KSPN started at 1110 AM in December 2000, after ABC purchased the former KRLA-AM from CBS' Infinity Broadcasting due to ownership limits. However, on January 1, 2003, ABC swapped its Radio Disney and ESPN Radio formats, with 1110 taking Radio Disney and the KDIS calls and 710 becoming L.A.'s ESPN Radio outlet, led by the talk team of Joe McDonnell and Doug Krikorian.

710-AM began its life as KRLO on February 19, 1927, broadcasting from Beverly Hills. It was broadcasting at 1170 AM, and didn't switch to 710 until it was sold to new owners in November 1929, as KEJK. It took its well-known call letters of KMPC in March 1930 (under the ownership of MacMillan Petroleum Company, for which the station's call letters were named) and kept those for nearly 70 years. George A. Richards of Detroit acquired the station then, and KMPC became part of the Goodwill Station group that included WJR in Detroit, Michigan and WGAR in Cleveland, Ohio, both also owned by Richards.

KMPC soon became Southern California's destination for sports programming, as it carried Pacific Coast League baseball, Los Angeles Rams football, and UCLA sports. Legendary singer and actor Gene Autry bought KMPC in 1952, making it the centerpiece of his broadcasting company, Golden West Broadcasters.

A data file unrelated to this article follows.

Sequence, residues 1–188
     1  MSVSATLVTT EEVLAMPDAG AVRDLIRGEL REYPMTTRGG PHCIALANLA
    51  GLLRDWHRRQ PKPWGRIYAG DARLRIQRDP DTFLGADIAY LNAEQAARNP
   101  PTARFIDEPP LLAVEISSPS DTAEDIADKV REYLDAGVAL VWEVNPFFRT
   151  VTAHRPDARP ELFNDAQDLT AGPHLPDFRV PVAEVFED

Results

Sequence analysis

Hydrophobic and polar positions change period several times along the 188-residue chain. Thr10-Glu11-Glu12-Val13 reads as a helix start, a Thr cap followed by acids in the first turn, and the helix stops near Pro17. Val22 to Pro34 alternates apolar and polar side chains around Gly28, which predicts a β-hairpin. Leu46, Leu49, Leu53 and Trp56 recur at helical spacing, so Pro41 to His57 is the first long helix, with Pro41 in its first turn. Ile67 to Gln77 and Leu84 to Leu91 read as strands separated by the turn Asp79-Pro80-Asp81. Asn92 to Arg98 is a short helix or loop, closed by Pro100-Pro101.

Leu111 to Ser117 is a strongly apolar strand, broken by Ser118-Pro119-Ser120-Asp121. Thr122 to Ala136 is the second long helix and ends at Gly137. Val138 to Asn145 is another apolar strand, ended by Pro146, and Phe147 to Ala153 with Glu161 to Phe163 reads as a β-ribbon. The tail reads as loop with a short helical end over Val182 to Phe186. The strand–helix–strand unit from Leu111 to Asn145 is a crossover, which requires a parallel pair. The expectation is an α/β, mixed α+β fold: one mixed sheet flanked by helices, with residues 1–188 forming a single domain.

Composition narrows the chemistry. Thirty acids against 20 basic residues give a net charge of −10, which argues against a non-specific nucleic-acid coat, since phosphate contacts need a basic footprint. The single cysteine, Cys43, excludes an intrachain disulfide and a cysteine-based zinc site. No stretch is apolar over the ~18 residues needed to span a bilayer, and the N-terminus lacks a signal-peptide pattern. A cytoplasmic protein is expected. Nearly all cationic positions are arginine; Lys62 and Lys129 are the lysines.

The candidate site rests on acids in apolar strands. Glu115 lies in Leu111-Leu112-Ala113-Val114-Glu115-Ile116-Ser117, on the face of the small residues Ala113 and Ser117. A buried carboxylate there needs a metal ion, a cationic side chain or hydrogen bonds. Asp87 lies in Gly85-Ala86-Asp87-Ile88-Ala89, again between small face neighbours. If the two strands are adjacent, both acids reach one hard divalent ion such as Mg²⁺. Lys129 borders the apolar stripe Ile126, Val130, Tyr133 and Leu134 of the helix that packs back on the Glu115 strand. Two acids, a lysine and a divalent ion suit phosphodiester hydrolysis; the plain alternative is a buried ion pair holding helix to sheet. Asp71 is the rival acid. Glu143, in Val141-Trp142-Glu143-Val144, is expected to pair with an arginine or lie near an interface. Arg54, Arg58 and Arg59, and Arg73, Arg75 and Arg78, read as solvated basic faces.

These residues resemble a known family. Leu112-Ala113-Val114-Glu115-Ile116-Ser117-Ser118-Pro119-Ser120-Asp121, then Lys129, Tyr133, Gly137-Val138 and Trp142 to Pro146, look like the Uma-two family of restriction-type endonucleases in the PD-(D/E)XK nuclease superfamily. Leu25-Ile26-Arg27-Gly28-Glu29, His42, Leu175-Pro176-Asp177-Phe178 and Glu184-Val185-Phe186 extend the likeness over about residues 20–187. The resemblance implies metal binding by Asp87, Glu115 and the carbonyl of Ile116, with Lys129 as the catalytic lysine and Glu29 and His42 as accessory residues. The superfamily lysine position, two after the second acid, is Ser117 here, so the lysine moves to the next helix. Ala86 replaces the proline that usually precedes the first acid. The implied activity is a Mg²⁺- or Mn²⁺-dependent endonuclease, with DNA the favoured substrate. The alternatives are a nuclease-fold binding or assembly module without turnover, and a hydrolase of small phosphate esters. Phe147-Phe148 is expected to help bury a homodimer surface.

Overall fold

During 1958 and 1959, it was also the flagship station for the Los Angeles Dodgers radio network. In 1961, it became the flagship of the new Los Angeles Angels, also owned by Autry—a relationship that continued until 2008 (except for 1997 to 2002). Throughout the 1950s and most of the 1960s, KMPC played middle of the road music, best described as a combination of older standards and soft rock. Dick Whittinghill, Geoff Edwards, Wink Martindale, Gary Owens, Bob Arbogast and Roger Carroll formed a powerhouse jock lineup during the '70s. KMPC later adopted a standards format which featured big band music extensively. During this time, the legendary Robert W. Morgan began a long stint as morning host, and KMPC aired a daily sports-talk show hosted by Scott St. James, who became a soap opera actor on the side.[citation needed]